Montreal reverses ban on horse-drawn carriages
In an apparent case of putting the cart before the horse, Mayor Denis Coderre has been forced to retreat on his ban of calèches in Montreal after a judge ruled the hastily announced measure overstepped the city's powers.
The ruling meant that horse-drawn carriages, a picturesque if controversial mainstay of Old Montreal, returned to the historic quarter on Wednesday after a ban lasting less than 48 hours. The lawyer for the carriage owners called it a David-and-Goliath victory against city hall.
Mr. Coderre's surprise one-year suspension of calèche permits proved to be one of the more contentious moves of the mayor's administration. Since it was announced last Wednesday, public opinion was polarized over whether the carriage trade constituted animal abuse or a charming piece of Montreal's heritage.
Many were critical that Mr. Coderre announced the moratorium at the start of the tourist season, depriving calèche drivers of their livelihoods without notice.
A group of owners went to court on Wednesday, and Superior Court Justice Kirkland Casgrain granted them a nine-day injunction. Their lawyer successfully argued the city had stripped Montreal's colourful cochers of their rights.
"This isn't a hobby, it's their living, they have families and bills to pay. And what would happen to the poor horses? Do we put them to sleep?" lawyer Audi Gozlan said in an interview after winning the injunction.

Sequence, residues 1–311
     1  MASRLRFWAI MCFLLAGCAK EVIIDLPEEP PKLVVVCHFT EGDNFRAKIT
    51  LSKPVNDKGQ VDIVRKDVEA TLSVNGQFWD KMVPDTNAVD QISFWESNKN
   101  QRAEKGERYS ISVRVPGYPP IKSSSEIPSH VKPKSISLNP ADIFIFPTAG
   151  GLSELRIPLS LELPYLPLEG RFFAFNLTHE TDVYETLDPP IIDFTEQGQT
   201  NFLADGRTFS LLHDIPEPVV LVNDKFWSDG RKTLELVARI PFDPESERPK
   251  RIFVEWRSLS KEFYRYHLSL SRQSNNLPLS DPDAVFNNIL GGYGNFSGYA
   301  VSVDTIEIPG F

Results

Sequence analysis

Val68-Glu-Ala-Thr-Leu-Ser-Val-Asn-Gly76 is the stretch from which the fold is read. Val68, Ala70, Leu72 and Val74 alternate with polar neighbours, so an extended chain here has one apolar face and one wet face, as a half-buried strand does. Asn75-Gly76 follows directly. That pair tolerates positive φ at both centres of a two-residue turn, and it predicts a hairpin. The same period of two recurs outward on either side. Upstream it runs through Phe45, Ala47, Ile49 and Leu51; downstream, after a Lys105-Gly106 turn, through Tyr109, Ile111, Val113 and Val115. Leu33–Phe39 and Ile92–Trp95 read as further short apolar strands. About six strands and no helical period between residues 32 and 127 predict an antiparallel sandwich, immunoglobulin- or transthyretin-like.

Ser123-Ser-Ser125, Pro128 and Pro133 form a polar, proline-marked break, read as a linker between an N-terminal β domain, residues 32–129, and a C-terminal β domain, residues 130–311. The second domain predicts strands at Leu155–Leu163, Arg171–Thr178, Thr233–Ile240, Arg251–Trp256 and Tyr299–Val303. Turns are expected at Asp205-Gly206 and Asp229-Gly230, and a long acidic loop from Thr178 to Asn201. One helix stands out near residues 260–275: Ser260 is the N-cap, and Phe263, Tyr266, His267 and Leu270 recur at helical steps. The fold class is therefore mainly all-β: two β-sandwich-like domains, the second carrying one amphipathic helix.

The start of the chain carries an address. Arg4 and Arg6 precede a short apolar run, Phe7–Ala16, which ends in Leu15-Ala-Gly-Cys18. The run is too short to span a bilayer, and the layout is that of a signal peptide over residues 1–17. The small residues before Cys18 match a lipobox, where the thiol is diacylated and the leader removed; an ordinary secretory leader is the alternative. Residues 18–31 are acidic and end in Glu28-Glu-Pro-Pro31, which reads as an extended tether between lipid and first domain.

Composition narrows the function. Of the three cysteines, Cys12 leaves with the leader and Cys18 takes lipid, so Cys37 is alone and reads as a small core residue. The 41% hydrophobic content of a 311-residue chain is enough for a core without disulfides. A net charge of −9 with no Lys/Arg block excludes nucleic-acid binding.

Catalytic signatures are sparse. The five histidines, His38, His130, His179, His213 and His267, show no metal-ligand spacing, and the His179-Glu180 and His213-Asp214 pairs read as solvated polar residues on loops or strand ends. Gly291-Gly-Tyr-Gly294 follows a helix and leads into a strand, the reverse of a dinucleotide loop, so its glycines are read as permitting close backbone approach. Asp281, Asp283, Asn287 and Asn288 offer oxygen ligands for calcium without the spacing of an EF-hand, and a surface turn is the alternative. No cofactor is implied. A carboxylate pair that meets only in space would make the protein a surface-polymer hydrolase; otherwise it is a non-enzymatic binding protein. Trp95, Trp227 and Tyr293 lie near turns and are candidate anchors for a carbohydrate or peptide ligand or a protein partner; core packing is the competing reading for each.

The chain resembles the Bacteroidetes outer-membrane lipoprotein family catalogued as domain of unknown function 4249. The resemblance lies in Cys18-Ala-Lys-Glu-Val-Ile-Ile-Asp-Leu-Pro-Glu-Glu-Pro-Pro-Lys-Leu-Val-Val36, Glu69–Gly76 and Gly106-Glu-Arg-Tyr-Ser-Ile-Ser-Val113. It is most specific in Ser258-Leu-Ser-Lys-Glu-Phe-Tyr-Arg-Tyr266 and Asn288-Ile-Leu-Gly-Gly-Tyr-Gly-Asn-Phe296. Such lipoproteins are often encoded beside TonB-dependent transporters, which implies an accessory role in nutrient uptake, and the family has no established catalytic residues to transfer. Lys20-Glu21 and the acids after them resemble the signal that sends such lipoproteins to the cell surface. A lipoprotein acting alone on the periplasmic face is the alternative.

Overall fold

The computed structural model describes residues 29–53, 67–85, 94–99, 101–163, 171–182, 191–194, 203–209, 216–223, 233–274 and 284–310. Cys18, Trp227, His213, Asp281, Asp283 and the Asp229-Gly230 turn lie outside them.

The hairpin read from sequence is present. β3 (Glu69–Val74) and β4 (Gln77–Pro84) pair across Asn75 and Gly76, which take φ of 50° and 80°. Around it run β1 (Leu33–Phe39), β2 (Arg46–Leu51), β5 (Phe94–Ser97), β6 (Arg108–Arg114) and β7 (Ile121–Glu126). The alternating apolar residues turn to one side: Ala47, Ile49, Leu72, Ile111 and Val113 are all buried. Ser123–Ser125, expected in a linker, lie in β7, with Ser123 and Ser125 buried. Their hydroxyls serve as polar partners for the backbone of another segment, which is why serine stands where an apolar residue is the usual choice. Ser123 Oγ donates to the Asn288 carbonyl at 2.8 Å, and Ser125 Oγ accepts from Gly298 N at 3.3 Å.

"This is a victory for the [calèche owners] and for the culture of Quebec. Calèche driving is a monument in Quebec, it's been around for hundreds of years."
Mr. Coderre said after the ruling that the city would not continue to fight the case in court, and the calèches could return to ply their trade this summer.
"Very clearly, the moratorium was not the right solution," Mr. Coderre said.
Mr. Coderre justified his move by saying the calèche industry was "negligent" and some owners have accumulated fines for mistreating their animals and keeping insalubrious conditions.
"If you want to be sure to change the industry you need an electroshock, and that's what I did," he said. "I love horses but I'm sad to see the way they're treated in some cases right now."
The mayor said the city would now introduce new regulations for the industry over the summer.
The Montreal SPCA expressed disappointment with the return of calèche industry, which it called "antiquated, inhumane, and unsafe," and urged supporters to send the mayor a letter seeking a permanent ban on its operations in Montreal.
Follow Ingrid Peritz on Twitter: @iperitz
MONTREAL — The Globe and Mail
Published Wednesday, May 25, 2016